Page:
Now that You've had a Home Inspection book

I’ve been using the “Now that you’ve had a Home Inspection” book for about a year. I used to give out a book from one of the competitors but decided to try this book due to cost savings. My client are very impressed as the information is real world-related to their home. At 500-600 inspections a year the cost savings is also substantial. Most of you know Ben G. He was a home inspector so the books are designed with a Home Inspector’s perspective.

James Krumm
Colorado’s Best Home Inspectiopns, LLC.

You cannot be doing that many inspections at this time. Business for most all inspectors is down over half, and mine is down 75% from three years ago. I give-a-way one of these books at every inspection, but have never heard any feedback in almost two years about the book from clients. These books should be geared to the home buyer/owner, and not the inspector, especially when we are giving the books to the buyer/owner.

These guys are economic indicators in their own right. :slight_smile:

500-600 a year come on now who you try’in to fool:shock: I think ur pading ur #s

Not bad for a guy with no web site.

yeah i just tried also:shock:

That is interesting. He has his own Nachi TV episode. I know CBHI had a website, I saw it once after watching the TV episode.

Maybe he is inspecting the same house three or four times in a row? Just Sayin’:roll:

I’ve met Jim several times and don’t think he’s lying. He has multiple inspectors working for him and when I last saw him he had just won a free radon detector to bring his total to 4 or 5. He has multiple websites. It looks like his main one is currently down as Google cached it a few days ago:

Gary, there’s plenty of inspectors doing 2 or even 3 a day in parts of the country right now. It just depends where you are. I see the upload reports on our server. Some states extended their own tax credits like CA where it’s now $10k. Now once those end I’m sure it’ll be a different story.

This week; three inspections. Same week 2009; 9. Same week 2005; 12.

It is really bad here. Most RE’s are using other agents or their buddy contractors for free. Some inspectors are at $149. Termite guys are offering their inspections for free, for the treatments needed or not.

I may just retire, and buy that trailer down by the river.

How many homes were sold in KC last month?

At least you have not round up like Matt yet.

Total 8 county area; all RE offices; about 2,500.

Jim was here earlier this week buying more books and picking up more door prizes for his next chapter meeting. He told me he had done 258 inspections this year so far… by HIMSELF.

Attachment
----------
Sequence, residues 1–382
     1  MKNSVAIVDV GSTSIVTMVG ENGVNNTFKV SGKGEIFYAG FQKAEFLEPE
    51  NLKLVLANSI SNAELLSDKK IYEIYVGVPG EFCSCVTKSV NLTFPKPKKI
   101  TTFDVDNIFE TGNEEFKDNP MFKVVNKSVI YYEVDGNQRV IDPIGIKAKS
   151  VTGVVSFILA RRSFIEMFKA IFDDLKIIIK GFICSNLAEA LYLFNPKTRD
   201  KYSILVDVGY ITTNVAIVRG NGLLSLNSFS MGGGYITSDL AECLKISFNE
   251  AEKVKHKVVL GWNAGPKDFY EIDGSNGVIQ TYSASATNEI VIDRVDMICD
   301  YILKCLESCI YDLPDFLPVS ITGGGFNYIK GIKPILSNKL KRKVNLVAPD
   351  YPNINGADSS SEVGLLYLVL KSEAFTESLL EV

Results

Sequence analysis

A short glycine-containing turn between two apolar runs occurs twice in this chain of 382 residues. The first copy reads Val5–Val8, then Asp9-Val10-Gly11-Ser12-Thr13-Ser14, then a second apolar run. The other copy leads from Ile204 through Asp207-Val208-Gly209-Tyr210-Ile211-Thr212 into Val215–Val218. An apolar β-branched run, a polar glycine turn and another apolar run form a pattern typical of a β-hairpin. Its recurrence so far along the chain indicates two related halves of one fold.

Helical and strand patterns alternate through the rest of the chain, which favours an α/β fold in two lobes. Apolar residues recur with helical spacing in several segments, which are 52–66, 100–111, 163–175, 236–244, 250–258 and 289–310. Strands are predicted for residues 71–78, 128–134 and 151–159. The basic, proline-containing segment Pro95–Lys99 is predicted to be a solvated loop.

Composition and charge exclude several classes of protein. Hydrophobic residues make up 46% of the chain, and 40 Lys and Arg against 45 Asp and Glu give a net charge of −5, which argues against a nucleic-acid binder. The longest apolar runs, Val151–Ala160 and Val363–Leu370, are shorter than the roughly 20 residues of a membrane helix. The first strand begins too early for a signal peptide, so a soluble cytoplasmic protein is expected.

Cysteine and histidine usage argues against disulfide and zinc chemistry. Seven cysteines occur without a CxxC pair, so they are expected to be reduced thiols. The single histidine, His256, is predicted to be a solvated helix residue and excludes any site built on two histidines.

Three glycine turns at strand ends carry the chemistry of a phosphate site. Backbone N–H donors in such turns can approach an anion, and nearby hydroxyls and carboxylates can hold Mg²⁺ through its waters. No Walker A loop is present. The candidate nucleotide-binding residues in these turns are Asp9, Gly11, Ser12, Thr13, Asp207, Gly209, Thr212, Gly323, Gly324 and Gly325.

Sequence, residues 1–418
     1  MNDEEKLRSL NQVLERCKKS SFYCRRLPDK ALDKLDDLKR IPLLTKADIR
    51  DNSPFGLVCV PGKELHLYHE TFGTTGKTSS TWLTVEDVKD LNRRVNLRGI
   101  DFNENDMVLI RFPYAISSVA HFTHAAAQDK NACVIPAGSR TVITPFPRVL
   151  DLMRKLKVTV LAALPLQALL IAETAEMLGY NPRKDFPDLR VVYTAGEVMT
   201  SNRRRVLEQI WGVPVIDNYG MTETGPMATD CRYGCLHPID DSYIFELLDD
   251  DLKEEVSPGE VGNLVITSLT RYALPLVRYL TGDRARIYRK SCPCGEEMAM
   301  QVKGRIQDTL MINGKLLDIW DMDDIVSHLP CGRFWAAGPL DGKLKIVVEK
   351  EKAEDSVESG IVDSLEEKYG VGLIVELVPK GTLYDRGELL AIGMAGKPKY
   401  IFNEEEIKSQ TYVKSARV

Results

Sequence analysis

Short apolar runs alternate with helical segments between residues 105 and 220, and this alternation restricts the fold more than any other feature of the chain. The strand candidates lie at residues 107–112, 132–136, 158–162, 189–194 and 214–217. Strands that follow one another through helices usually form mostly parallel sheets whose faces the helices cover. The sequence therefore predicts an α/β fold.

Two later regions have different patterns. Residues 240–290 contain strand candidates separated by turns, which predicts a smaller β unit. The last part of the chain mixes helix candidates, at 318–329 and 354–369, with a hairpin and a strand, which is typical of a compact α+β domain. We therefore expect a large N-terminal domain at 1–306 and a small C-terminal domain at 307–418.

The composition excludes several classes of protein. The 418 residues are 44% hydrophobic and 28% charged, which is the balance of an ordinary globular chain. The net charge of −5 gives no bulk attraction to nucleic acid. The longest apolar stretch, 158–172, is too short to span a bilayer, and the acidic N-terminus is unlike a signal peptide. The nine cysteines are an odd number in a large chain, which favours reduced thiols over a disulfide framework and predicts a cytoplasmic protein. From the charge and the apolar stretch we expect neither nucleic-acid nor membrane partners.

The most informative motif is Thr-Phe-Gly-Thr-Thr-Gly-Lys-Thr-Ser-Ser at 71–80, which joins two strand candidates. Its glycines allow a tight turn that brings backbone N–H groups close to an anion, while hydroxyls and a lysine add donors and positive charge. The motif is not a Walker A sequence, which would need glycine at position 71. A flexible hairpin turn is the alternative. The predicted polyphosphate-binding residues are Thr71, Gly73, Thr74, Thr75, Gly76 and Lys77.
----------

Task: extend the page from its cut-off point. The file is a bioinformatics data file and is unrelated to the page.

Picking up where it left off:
BTW: There is a hint to how he is getting so much work inside this post :cool:.

I think some of you should give Jim a call. He is always willing to help fellow InterNACHI members.

Home sales need to match the number of inspections proportionately. Otherwise it wouldn’t matter if you were giving out $100 bills instead of inspection books. If houses aren’t being sold, what the h*ll are you inspecting?

Unless of course all the other CO. inspectors are out of business.

Probably the most incorrect statement I’ve heard in a long time.

Your statement implies that all inspectors get an equal share of the pie and so if the pie shrinks, everyone gets less. That is rubbish. There always those who get the lion’s share of any market and their piece gets BIGGER not smaller when their competitors weaken due to a shrinking pie.

That is not rubbish! Even the lions share has to somewhat correlate to the number of homes sold. I just don’t think enough homes are getting sold to support the claim.

Kind of amazing that Jim came on here to advocate the use of a NACHI product, and ends up basically being called a liar.

I congratulate Jim for his ability to do what obviously others including myself have not been able to do in this market. I can’t believe there were no comments inquiring about how he has managed to remain successful. Instead you just dismiss his statement and use your own poor performance to denigrate another inspector. Sounds like the 80/20 rule in full effect here.

Congratulations Jim!